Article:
Race Relations With Huck Finn

This essay has a total of 1488 words and 6 pages.

Race Relations With Huck Finn


Famous writers come and go every year. How do these writers become famous? Humans are
fascinated with real life situations, tagged in with fictional story line. Mark Twain's
novel, The Adventures of Huckleberry Finn, describes real life situations, in a fictional
story line perfectly. Twain put the real life happenings of slavery, in a fun and
fictional story. The novel is mainly about the racial relations between each human.
Classes of society, loyalty/friendship, and rebellion shows how the novel evolves into a
main theme of Race Relations.


Through out the history of the world, people have been placed into categories based on
their wealth, and all of the worldly possessions that we have. These classes of society
can really make people talk, and act differently towards some people. In The Adventures of
Huckleberry Finn, the novel shows these classes really well. In the beginning of the
novel, we see a little bit of the black class, and how they were treated. 'Miss. Watson's
big nigger, named Jim, was setting in the kitchen door, we could see him pretty clear';
(14). Jim, Miss. Watson's run away slave in the story, is part of the black class. We see
the sub ordinance that blacks were placed in America, because blacks were not allowed to
be in the house, because they were uneducated, and had to be working in the fields.


Another example of the classes we put each other into is when Huck, the main character,
and Jim were heading south. Jim and Huck are sitting on the banks of the Mississippi
River, and Jim says 'I owns myself en I's wuth eight hund'd dollars.'; (54). This shows
the reader that blacks are so low, that the white people place prices on the blacks. As
uneducated as the blacks are, they believe they are worth so much money, because that is
all they hear from their owners. By doing such a thing to another human being, that
degrades our country, and the black citizens themselves.


At the end, we see how these classes can effect one person, due to his social status. Like
before, people say things to other people, to make themselves feel better, and they do not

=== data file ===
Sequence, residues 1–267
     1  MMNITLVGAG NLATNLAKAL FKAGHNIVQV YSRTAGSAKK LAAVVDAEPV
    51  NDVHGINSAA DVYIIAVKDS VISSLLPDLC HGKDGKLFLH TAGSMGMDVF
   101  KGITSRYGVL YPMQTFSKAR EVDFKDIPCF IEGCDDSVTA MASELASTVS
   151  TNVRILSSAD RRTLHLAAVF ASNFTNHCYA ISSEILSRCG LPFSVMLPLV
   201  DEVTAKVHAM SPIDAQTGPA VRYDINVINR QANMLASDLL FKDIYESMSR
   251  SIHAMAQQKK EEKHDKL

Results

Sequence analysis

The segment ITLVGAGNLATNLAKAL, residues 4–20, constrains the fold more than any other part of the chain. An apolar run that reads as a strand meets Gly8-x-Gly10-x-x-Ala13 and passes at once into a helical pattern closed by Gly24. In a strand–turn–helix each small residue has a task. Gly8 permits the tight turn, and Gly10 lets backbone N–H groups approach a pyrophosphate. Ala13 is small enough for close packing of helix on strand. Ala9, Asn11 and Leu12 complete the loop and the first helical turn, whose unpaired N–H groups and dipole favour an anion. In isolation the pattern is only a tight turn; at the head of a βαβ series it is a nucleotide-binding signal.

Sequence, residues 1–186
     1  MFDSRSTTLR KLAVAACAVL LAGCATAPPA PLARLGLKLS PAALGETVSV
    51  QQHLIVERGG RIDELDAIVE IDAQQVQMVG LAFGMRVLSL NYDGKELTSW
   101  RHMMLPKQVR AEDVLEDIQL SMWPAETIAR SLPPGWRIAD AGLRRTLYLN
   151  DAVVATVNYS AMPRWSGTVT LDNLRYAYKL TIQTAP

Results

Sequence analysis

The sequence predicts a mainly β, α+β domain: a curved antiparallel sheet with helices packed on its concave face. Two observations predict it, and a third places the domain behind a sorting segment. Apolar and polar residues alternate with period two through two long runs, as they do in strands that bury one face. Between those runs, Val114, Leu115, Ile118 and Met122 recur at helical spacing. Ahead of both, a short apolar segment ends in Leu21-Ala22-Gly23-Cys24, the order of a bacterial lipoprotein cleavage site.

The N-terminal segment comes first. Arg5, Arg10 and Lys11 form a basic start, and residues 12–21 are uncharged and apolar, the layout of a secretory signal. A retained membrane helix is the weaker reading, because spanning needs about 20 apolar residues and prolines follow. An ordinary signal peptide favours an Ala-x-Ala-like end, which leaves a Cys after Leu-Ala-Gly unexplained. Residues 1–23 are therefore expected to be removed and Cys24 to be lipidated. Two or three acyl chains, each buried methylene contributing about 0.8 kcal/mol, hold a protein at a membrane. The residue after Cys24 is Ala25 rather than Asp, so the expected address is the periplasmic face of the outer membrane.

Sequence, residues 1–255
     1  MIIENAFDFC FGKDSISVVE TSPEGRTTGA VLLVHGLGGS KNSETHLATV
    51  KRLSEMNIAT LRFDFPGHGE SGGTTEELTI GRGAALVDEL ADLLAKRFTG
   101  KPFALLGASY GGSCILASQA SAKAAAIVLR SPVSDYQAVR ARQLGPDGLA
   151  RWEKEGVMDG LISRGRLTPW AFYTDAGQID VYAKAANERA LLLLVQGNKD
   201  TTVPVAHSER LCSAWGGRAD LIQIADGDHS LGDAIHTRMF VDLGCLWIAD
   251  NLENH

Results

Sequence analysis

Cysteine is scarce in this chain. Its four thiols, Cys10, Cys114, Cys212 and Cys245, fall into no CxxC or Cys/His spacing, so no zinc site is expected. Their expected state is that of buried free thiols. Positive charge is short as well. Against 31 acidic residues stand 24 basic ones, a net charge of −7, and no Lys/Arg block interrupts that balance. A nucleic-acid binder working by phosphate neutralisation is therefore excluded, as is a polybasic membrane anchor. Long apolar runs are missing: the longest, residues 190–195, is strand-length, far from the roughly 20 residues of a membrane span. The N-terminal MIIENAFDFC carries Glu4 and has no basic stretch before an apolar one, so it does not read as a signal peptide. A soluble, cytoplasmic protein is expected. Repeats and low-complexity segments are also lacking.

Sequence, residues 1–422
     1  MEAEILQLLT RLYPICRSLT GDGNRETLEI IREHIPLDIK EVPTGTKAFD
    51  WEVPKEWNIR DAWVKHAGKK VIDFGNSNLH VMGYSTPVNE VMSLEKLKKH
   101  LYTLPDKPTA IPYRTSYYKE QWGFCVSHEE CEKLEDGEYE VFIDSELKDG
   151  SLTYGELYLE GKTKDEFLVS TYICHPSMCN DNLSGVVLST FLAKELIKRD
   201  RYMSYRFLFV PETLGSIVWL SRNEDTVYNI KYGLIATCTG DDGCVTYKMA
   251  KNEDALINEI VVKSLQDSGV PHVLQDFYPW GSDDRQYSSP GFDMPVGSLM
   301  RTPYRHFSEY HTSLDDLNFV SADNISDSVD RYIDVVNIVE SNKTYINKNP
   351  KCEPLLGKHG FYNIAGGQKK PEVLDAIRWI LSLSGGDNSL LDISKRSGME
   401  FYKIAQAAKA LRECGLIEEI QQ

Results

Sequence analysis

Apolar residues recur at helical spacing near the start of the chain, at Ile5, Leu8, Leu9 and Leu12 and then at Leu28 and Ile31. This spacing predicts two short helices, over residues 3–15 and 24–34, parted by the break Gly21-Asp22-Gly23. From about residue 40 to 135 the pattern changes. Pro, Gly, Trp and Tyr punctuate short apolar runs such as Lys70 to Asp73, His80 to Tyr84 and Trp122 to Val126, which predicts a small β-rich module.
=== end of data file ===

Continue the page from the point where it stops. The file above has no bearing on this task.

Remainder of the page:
care what it does to the person they are talking about, because of their class in society.
One example of this is when 'They cussed Jim considerably, though, and give him a cuff or
two upside the head'; (271). This shows how people can be when one group thinks that he is
better than another group. These classes of society can show the relations between races.
In this case, the whites thought they were better, and so, they would not allow blacks to
be in the house, make them feel like objects, and not human beings and greatly persecuted
and abused the blacks.


Another point that is with the main theme of race relations is loyalty/friendship. Huck
shows this by being with Jim in the beginning, and shows some trust in Jim. The beginning
of this friendship is seen when Huck goes to Jim with a problem with his Father coming
back, and Jim says ' sometimes he spec he'll go 'way, en den ag'in he spec he'll stay';
(26). That response from Jim really shows the reader that he cares about Huck, and he
understands what Huck is saying. Like any relationship, it has to have an open, honest and
submit caring feelings for one another. Jim proves that he cares by helping Huck, and
telling the truth, even when it hurts.


Later on in the novel, Jim and Huck are going down the river, and Huck is continuously
faced with the same problem. Huck does not know whether to turn Jim in or not. When a
problem comes up, people can see how loyal or how much your friendship means to somebody
when a problem occurs frequently. Huck says to himself 's'pose you'd a' done right and
give Jim up? Would you felt better than what you do now? No, I'd feel bad-I'd feel just
the same way I do now'; (94). With that decision by Huck, that shows two people the same
thing. This shows both Jim and the reader that Jim is too good of a friend to be back
stabbed. With that decision, Huck proves his loyalty to Jim, no matter if he is black or
white.


Finally, at the end of the novel, we find out how much Huck appreciated Jim's good
attitude through the whole adventure of going to New Orleans. When 'Tom give Jim forty
dollars for being prisoner for us so patient….'; (278), shows that Tom and Huck were
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